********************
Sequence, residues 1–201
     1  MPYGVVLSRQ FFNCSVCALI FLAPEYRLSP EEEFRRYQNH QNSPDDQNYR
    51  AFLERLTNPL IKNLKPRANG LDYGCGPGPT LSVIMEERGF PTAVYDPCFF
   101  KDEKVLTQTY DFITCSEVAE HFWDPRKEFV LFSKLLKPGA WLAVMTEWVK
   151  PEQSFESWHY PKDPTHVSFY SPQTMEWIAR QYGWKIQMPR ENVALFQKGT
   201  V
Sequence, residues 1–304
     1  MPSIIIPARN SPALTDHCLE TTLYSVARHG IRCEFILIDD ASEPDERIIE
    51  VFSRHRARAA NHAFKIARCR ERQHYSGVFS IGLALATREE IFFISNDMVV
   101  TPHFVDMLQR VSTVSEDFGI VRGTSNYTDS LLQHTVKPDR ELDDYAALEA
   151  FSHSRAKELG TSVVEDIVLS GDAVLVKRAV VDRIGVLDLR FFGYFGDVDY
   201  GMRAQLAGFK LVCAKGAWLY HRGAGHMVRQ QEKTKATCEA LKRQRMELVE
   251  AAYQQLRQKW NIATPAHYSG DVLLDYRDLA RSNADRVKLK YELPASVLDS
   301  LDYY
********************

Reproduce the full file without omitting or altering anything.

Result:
Sequence, residues 1–201
     1  MPYGVVLSRQ FFNCSVCALI FLAPEYRLSP EEEFRRYQNH QNSPDDQNYR
    51  AFLERLTNPL IKNLKPRANG LDYGCGPGPT LSVIMEERGF PTAVYDPCFF
   101  KDEKVLTQTY DFITCSEVAE HFWDPRKEFV LFSKLLKPGA WLAVMTEWVK
   151  PEQSFESWHY PKDPTHVSFY SPQTMEWIAR QYGWKIQMPR ENVALFQKGT
   201  V
Sequence, residues 1–304
     1  MPSIIIPARN SPALTDHCLE TTLYSVARHG IRCEFILIDD ASEPDERIIE
    51  VFSRHRARAA NHAFKIARCR ERQHYSGVFS IGLALATREE IFFISNDMVV
   101  TPHFVDMLQR VSTVSEDFGI VRGTSNYTDS LLQHTVKPDR ELDDYAALEA
   151  FSHSRAKELG TSVVEDIVLS GDAVLVKRAV VDRIGVLDLR FFGYFGDVDY
   201  GMRAQLAGFK LVCAKGAWLY HRGAGHMVRQ QEKTKATCEA LKRQRMELVE
   251  AAYQQLRQKW NIATPAHYSG DVLLDYRDLA RSNADRVKLK YELPASVLDS
   301  LDYY